Bersih urges govt to implement all reforms pledged by composite parties and coalitions


  • Nation
  • Saturday, 04 Mar 2023

PETALING JAYA: The Coalition for Clean and Fair Elections (Bersih) has congratulated the government for its institutional reforms during its first 100 days but urges them to fulfil all promises made by component parties and coalitions.

Here is its statement in full:

After 100 days, Bersih urges the unity government for more institutional reforms

The Coalition for Clean and Fair Elections (Bersih) congratulates the unity government for some of the institutional reforms carried out in its first 100 days and urges for more as per promises by the respective coalitions and parties in the government.

Our Cheers

We congratulate Dewan Rakyat Speaker Datuk Johari Abdul and Minister in the Prime Minister's Department (Law and Institutional Reforms), Datuk Seri Azalina Othman, for the following initiatives/steps related to Parliament and the Attorney General's Chambers.

1. The Prime Minister Question Time (PMQ) at the Dewan Rakyat.

2. The increase of the number of motions, from two to four, in the Special Chamber.

3. The initial discussion between the Law and Institutional Reforms Minister and the Solicitor-General on the separation of Public Prosecution Office from AGC and the setting up of an independent law commission.

Our Disappointments

However, we regret that the government has missed the opportunities to deliver other low-lying fruits:

1. Continuing the allocation of Constituency Development Funds to Opposition MPs (93% of the Opposition MPs were covered in 2022) despite promised in both manifestos of Pakatan Harapan and Barisan Nasional.

2. No transparency and parliamentary oversight in the appointment of key public officers, including Attorney General, members of the Election Commission and the Public Services Commission

3. No tabling of the Constitutional Amendment Bill to effect a 10-year tenure limit for the prime minister, an unfulfilled promise of the MOU between the Ismail Sabri Government and Pakatan.

4. No tabling of the Political Financing Bill even though this has been worked on by four consecutive governments.

5. No tabling of the Parliamentary Services Bill despite works beginning since the tenure of former Dewan Rakyat speaker Tan Sri Ariff Yusof, and another unfulfilled promise of the MOU between the Ismail Sabri government and Pakatan.

6. No repeal or review by parliamentary committee of Sedition Act 1948, Official Secrets Act 1972, Communication and Multimedia Act 1998, Printing Press and Publication Act 1984, Universities and University Colleges Act 1971 and the Security Offences (Special Measures) Act 2012 (Sosma).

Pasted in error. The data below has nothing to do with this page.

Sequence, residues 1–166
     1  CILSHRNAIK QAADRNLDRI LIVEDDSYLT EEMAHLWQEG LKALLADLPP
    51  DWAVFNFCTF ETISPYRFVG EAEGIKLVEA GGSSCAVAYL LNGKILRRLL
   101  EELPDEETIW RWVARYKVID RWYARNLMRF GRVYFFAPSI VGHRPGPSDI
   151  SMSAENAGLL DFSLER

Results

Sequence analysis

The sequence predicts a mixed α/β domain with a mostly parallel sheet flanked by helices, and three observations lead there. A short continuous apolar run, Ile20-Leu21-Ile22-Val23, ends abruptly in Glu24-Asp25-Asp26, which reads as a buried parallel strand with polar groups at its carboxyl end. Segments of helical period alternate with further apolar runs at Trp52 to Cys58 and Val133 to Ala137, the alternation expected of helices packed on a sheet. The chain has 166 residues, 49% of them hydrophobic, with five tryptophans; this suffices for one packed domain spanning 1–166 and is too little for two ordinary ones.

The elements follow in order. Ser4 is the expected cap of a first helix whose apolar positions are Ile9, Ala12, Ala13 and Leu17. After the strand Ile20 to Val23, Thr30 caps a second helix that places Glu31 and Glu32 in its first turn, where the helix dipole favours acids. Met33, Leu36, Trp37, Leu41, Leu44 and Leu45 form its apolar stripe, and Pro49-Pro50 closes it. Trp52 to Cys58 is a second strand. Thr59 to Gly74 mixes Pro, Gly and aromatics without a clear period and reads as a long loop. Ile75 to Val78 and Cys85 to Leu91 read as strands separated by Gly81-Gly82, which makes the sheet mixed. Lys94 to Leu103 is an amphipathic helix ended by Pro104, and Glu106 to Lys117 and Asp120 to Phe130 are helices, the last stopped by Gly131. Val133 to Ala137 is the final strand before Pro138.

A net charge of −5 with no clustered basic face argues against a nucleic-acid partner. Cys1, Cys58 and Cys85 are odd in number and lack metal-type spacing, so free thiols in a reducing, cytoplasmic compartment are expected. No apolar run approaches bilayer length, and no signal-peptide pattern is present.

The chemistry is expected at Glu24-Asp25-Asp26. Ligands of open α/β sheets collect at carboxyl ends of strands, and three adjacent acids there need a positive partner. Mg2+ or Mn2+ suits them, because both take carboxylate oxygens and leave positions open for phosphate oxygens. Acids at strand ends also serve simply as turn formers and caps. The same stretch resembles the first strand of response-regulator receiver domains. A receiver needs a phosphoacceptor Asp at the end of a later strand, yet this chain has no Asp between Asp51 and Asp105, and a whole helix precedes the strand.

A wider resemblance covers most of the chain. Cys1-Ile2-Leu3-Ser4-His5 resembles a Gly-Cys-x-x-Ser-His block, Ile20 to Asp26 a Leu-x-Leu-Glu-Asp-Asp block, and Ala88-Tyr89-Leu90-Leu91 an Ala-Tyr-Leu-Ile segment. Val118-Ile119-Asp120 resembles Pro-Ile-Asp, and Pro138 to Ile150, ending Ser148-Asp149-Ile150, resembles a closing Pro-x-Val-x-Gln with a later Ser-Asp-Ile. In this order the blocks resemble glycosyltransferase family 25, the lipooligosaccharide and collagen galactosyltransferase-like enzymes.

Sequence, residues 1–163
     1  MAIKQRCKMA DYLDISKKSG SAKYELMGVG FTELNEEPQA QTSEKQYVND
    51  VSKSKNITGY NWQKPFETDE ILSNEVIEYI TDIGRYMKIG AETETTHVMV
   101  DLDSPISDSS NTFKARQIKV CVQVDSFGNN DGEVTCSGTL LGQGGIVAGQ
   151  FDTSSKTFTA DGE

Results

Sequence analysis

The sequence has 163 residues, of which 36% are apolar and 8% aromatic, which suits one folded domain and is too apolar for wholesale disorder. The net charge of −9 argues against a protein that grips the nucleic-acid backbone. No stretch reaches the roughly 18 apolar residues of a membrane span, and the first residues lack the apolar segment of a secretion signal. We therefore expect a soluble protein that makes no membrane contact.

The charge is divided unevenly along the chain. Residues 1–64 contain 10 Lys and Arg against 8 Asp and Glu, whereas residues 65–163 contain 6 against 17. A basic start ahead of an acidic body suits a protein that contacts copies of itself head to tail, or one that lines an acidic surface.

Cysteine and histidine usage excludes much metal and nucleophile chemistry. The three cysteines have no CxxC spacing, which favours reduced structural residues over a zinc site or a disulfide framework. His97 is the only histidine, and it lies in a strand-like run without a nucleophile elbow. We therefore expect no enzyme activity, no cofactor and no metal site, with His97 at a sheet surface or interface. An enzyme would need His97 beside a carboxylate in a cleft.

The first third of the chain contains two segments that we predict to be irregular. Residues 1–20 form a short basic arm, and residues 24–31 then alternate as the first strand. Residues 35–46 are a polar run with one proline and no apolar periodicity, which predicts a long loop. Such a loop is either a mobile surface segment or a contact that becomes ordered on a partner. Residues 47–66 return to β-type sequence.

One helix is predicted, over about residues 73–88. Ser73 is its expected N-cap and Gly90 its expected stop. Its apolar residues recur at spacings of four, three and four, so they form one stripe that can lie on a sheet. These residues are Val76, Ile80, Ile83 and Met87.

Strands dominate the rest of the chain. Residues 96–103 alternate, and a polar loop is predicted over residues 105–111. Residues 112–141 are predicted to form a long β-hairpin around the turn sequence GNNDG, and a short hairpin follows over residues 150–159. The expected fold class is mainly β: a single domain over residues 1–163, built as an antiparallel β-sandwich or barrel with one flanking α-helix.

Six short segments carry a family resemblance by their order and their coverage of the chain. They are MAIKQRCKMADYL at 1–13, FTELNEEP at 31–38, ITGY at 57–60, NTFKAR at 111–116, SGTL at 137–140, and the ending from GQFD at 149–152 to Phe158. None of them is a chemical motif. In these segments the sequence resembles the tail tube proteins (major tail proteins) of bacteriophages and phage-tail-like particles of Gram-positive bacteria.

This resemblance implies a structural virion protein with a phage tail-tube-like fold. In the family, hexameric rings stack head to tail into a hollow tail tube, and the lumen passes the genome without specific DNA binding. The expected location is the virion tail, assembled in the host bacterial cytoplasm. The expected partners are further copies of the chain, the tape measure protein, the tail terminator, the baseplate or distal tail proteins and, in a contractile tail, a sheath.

7. No setting up of Parliamentary Committees more than two months after the 15th Parliament was sworn in.

Our calls for the next 100 days

We urge the government and Parliament to take efforts to deliver the three following reforms in the next 100 days, which may require Dewan Rakyat to have more sitting days than what are currently scheduled,

1. Setting up of Parliamentary Special Select Committees (PSSC) and Parliamentary Permanent Select Committees (PPSC) including one on Elections and Multiparty Democracy.

2. A parliamentary act to provide for equitable Constituency Development Fund (CDF) for all parliamentarians.

3. Recognition and empowerment of Perikatan Nasional's shadow cabinet with allowance, research officers and information access.

Our calls within one year

We urge the government and Parliament to take efforts to deliver the seven following reforms before Nov 24, 2023, which may require Dewan Rakyat to have more sitting days than what are currently scheduled,

1. Enactment of the Parliamentary Services Act.

2. Enactment of a Political Financing Act.

3. Enactment on the Amendment to the Election Offences Act.

4. Constitutional Amendment to effect a 10-year tenure limit for the Prime Minister.

5. Separation of the role of the Attorney General and the Public Prosecutor.

6. Transparency and parliamentary oversight in the appointment of key public officers.

7. Review by parliamentary committee of Sedition Act 1948, Official Secrets Act 1972, Communication and Multimedia Act 1998, Printing Press and Publication Act 1984, Universities and University Colleges Act 1971 and the Security Offences (Special Measures) Act 2012 (Sosma).

Bersih will continue to engage with the Government, Parliament and the relevant stakeholders to advocate for the reforms, as well as to monitor and check and balance the progress.

Steering Committee of Bersih

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